As the thrilling Italian film genre enjoys a season at the Barbican, AnOther unravels the unexpected feminist threads in Giallo's cult cinematic masterpieces, dispelling its misogynistic myths
“It’s lurid, lewd, sexy, dark, mysterious, dreamlike, full of red herrings … and it's sort of nonsensical,” explains independent film programmer Josh Saco, when tasked with describing the bizarre world of Giallo, Italian cinema’s heavily stylised murder mystery genre. “Figuring out who did it just doesn’t matter, you’re there for the ride!” Murder, sex and high fashion take centre stage in these Agatha Christie-inspired psycho-thrillers, but amongst the fumbling plots and deceptive superficiality are leading women with complex motives and multidimensional characters.
She’s So Giallo – Women of 1970s Italian Thrillers, an upcoming film season at the Barbican curated by Saco’s Cigarette Burns, boasts a line-up of four titillating films that subvert patriarchal power dynamics. Whether it’s the female masochist manipulator in The Frightened Woman (1969) or the nuanced explorations of sex and freedom in All the Colours of the Dark (1972), these Giallos strike an effortless balance between substance and style – but so far they’ve been under-screened, and their heroines underappreciated. Below, Saco considers the unexpected feminist narratives in Giallo’s finest works, dispelling myths that assume the genre to be riddled with shameless misogyny.
On the fearless women and feminist potential of Giallo...
“The immediate assumption is that these Giallo’s are misogynistic… but they’re not. The killers are as often women as they are men, and they are driven by a whole load of different things. In The Strange Vice of Mrs. Wardh (1971), Julie Wardh’s partner and her new lover are conspiring together to kill her and in the end they think they’ve succeeded but in reality she kills them, she double bluffs back. [These] films don’t cling to the formulas of straight misogyny – it's not women running in fear, it's women killing men, women killing women. Men often seem like useless human beings…they’re idiots, they’re making mistakes.”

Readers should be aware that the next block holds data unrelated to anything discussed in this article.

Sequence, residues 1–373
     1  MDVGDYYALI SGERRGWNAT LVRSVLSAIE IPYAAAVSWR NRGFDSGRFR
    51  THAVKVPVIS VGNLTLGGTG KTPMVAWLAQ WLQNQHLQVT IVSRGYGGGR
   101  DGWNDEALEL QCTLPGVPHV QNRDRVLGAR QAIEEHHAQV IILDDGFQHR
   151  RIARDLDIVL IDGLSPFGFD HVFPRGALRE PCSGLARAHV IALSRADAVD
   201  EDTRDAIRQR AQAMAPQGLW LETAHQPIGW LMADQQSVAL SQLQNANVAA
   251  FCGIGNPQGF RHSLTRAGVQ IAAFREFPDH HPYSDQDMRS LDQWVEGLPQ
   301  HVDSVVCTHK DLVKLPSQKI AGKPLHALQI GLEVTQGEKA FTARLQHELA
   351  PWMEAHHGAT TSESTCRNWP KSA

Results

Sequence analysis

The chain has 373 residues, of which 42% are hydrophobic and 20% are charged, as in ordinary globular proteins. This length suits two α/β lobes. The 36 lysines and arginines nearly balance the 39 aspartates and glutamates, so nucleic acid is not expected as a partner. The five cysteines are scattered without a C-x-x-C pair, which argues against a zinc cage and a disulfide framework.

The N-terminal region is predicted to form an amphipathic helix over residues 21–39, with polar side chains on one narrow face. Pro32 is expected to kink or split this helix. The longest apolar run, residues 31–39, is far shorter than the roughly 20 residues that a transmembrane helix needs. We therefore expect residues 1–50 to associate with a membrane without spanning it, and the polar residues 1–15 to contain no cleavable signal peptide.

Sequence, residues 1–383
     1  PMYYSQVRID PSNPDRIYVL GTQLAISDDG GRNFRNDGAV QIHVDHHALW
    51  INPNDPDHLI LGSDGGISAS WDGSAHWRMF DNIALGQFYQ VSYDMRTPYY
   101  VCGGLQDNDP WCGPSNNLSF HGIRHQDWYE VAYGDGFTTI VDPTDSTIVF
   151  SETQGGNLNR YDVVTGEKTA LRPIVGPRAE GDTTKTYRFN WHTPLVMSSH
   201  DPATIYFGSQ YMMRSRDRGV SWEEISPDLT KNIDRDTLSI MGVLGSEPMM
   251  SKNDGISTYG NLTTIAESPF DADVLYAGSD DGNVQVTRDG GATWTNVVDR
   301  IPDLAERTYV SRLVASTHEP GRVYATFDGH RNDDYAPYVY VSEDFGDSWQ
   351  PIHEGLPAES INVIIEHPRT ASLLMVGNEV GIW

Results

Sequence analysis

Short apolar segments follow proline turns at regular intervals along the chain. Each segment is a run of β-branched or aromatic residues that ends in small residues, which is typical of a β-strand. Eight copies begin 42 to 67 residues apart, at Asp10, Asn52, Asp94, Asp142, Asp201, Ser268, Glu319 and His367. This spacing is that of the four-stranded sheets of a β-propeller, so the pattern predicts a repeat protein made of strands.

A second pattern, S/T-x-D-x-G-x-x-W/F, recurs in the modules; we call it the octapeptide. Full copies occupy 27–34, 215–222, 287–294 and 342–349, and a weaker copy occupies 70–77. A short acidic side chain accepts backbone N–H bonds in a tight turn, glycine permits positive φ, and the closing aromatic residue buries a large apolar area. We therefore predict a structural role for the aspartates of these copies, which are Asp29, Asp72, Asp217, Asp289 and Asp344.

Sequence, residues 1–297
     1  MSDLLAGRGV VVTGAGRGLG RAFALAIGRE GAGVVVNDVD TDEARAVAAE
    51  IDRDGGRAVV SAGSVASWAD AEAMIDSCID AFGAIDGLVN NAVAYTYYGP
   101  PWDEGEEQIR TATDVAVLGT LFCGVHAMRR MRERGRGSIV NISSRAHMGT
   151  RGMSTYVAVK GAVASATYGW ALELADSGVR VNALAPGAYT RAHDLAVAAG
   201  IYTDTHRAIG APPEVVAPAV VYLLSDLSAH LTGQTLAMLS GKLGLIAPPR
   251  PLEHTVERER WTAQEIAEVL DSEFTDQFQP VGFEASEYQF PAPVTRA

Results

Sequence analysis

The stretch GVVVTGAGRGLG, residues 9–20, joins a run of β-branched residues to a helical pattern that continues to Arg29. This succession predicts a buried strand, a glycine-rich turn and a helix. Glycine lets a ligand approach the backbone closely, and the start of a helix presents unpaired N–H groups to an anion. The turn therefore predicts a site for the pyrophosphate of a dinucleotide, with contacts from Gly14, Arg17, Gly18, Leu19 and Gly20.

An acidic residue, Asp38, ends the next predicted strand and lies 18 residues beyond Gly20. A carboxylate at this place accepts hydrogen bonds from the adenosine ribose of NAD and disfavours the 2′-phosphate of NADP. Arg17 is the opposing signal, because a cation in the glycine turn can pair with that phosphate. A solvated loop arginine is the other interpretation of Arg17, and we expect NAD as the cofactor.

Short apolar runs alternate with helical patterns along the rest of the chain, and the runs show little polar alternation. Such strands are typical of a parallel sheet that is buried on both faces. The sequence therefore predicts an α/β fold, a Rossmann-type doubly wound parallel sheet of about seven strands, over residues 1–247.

“In The Frightened Woman (1969), Maria, played by Dagmar Lassander, is pulled in by this woman-hating man who hires prostitutes to torture. However, she eventually turns the tables on him and without question takes over his masculinity. Equally, Florinda Bolkan, who plays Carol Hammond in A Lizard in a Woman’s Skin (1971) is a strong, feminist woman who you just look at and think…'nobody’s going to mess with you!' There are certainly films that are problematic – you can read them a whole bunch of different ways – but I think overall they’re a lot less straightforwardly misogynistic.”
On the surprisingly leftist mentality of Giallo directors…
“[These films] were made on the back of political turmoil in 1960s – a lot of the directors were coming out of a leftist identity. Dario Argento, a very cold director, directs films with hardly any emotion in it and he takes great pleasure in putting women’s heads through panes of glass! It is his trademark thing and I think he can be a problematic director. But if you look at people like Serio Martino (The Mountain of the Cannibal God, 1978) and Mario Bavo (Bay of Blood, 1971) – who effectively realised the genre – they were really leftist thinkers; they were coming from a more liberal point of view, casting the woman as heroines.”
On what contemporary thrillers can learn from Giallo’s subversive approach…
“I think now we are in a very interesting place with cinema and within filmmaking where women are demanding equal representation and equal recognition. There’s a great small independent scene that’s happening but sometimes they tend to go for the quick bang. It Follows was particularly fantastic with its female protagonist, but flare seems to be missing from a lot of them. It’s a lot more simplistic, less fun, less adventurous and a lot less boundary breaking…perhaps it's difficult to break the boundaries and find the boundaries to break now. It’s interesting to look back at these Italian cult films from 40/50 years ago and realise that they were already trying to be subversive.”
She’s So Giallo – Women of 1970s Italian Thrillers will screen The Frightened Woman (1969), One on Top of the Other (1969), Four Flies on Grey Velvet (1971) and All the Colours of the Dark (1972) – from June 7 until June 28, 2016 at the Barbican